Hillary Clinton’s State Department chief of staff, Cheryl Mills, was allowed to vet records released by the agency in response to a Freedom of Information Act request, emails released last week show.
In an April 2012 email chain first flagged by the Washington Free Beacon, State Department officials discussed the release of the so-called “Zelikow memo,” a 2006 document which pertained to advanced interrogation techniques used during the Bush administration.
In one email, career State Department official Sheryl Walter, the director of office that handles FOIA requests, said that she wanted to make other officials aware of the release of the memo given that it was “likely to get press attention.”
“I wanted to make sure everyone in my chain of command is aware of a declassified document we are planning to release under FOIA,” Walter wrote, noting that “Cheryl Mills is aware and has cleared” the release.
“I wanted to be sure you all were in the loop on this now so that you won’t be taken by surprise and were assured this has been fully vetted, cleared, and planned for,” Walter added.
In a follow-up email, Patrick Kennedy, the State Department’s powerful under secretary for management, forwarded the chain to Mills, asking her: “Does this comport with what you have agreed to?”
Mills then forwarded the chain to Clinton.
Allowing Mills to okay the release of the document is an unusual step in what is supposed to be an apolitical process.
It also confirms a Wall Street Journal report published in May showing that Mills often vetted FOIA requests that came through the State Department.
In one Oct. 2012 email, State Department staffers acknowledged that a FOIA request was being reviewed by Mills.
“I believe, though, that this is still pending with Cheryl Mills’ office…The real action, for now, is with Cheryl’s office,” the email reads.
Mills also intervened in a request for records pertaining to the Keystone XL pipeline. According to the Journal, she asked to review the documents and requested that some be withheld from release.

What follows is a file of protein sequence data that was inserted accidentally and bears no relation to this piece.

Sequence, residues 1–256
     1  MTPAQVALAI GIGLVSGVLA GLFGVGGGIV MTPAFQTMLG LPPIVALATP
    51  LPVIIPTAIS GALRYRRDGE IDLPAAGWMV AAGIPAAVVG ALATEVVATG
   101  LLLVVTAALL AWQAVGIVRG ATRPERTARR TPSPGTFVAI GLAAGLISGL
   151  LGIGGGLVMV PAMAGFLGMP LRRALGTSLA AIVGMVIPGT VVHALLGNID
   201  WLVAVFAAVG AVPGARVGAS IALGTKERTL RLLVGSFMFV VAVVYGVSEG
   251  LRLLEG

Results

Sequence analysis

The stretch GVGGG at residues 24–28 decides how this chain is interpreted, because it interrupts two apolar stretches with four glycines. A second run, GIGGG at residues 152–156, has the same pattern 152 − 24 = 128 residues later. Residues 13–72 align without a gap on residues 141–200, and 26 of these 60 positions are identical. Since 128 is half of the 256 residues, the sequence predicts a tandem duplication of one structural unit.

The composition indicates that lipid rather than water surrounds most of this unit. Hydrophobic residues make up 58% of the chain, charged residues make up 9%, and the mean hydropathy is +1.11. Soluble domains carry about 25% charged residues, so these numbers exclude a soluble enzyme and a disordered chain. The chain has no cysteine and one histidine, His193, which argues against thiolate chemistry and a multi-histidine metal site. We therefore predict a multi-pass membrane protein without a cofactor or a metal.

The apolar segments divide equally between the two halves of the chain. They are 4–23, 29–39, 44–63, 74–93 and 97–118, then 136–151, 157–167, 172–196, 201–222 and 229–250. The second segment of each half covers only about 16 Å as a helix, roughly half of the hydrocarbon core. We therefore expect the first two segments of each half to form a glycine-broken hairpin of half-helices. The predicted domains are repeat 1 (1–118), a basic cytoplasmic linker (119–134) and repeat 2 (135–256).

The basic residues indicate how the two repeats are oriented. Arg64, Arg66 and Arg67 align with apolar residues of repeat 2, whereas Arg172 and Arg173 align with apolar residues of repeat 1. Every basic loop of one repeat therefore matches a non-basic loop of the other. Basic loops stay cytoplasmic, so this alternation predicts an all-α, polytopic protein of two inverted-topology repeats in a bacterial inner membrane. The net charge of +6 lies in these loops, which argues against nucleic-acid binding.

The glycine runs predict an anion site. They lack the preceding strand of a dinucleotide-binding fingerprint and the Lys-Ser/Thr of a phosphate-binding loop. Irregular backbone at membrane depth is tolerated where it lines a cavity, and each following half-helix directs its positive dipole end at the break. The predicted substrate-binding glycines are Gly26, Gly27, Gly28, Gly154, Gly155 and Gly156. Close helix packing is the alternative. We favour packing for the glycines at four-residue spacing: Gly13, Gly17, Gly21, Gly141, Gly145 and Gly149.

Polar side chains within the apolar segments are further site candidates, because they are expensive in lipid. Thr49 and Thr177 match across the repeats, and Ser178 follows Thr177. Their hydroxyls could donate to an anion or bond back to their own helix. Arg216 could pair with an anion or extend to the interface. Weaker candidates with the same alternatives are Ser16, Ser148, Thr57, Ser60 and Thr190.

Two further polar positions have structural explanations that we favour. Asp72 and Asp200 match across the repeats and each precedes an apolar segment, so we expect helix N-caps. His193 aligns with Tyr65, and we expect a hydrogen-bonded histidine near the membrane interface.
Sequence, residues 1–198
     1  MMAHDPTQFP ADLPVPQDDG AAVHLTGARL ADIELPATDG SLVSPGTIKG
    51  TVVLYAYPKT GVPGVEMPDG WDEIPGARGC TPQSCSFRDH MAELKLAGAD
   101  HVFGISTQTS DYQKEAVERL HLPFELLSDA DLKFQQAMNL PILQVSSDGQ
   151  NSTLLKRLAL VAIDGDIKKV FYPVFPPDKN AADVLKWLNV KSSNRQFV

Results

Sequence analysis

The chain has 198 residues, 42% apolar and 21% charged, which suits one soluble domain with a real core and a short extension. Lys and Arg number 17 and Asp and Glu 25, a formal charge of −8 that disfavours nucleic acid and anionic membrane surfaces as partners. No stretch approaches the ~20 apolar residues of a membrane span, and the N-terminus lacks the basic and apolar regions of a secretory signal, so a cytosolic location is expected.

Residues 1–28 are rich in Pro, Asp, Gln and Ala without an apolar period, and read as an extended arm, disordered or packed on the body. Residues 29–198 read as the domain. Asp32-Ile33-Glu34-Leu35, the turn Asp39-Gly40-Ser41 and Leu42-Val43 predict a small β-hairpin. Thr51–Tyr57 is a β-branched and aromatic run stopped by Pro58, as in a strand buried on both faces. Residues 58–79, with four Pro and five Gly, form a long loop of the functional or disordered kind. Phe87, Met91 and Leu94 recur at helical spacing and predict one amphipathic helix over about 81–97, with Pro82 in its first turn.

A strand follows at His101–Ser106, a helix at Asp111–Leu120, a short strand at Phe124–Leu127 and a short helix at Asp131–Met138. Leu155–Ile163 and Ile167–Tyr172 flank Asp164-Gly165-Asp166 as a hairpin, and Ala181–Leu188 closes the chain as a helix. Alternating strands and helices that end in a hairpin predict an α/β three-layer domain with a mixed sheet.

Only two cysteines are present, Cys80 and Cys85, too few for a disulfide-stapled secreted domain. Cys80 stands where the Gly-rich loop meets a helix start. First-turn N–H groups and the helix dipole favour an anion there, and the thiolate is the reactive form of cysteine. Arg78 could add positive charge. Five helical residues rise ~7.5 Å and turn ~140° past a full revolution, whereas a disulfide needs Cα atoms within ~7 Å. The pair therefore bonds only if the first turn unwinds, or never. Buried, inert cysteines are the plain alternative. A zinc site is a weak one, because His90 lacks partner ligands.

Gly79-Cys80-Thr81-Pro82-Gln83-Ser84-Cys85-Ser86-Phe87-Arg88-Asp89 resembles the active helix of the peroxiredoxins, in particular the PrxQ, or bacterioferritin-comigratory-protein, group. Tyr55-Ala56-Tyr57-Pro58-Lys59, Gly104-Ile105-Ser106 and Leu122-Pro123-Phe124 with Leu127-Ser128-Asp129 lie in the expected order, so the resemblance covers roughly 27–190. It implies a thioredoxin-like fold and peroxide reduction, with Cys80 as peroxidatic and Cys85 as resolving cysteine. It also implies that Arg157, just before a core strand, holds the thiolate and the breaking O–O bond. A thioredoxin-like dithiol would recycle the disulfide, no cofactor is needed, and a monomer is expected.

A FOIA expert told the Journal that while it may be acceptable for political appointees to review requests, they should not be allowed to negotiate the release of documents subject to review.
“Ultimately, the career people have to be the ones who make the final call,” Miriam Nisbet, a former director of the federal FOIA ombudsman office at the National Archives and Records Administration, told the Journal.
A State Department spokesman defended Mills’ involvement, telling the Journal back in May that it was “entirely appropriate” for State Department officials like Mills to have input on certain FOIA requests.
As the Free Beacon notes, Iowa Sen. [crscore]Chuck Grassley[/crscore], the Republican chair of the Senate Judiciary Committee, sent a letter to Sec. of State John Kerry in May expressing concern about Mills’ involvement in the FOIA process.
“[A]s recent reports indicate, it appears the political concerns of senior agency staff are undermining the public’s right to know under FOIA,” Grassley wrote. “This is, without question, a far cry from the spirit of our nation’s transparency laws, as well as from the President’s ‘presumption of openness.'”
Mills’ involvement in handling FOIA requests raises other questions about whether political appointees were involved in reviewing requests for Clinton’s emails when she was in office.
Several FOIA requests were filed during her tenure seeking her emails and those of her top aides, including Mills. But even though work-related emails sent and received on personal accounts are subject to FOIA, the State Department denied the requests, stating that no records could be found. The question remains whether Mills or any other Clinton insider blocked the requests, which would have exposed her exclusive use of a personal email account and a private server.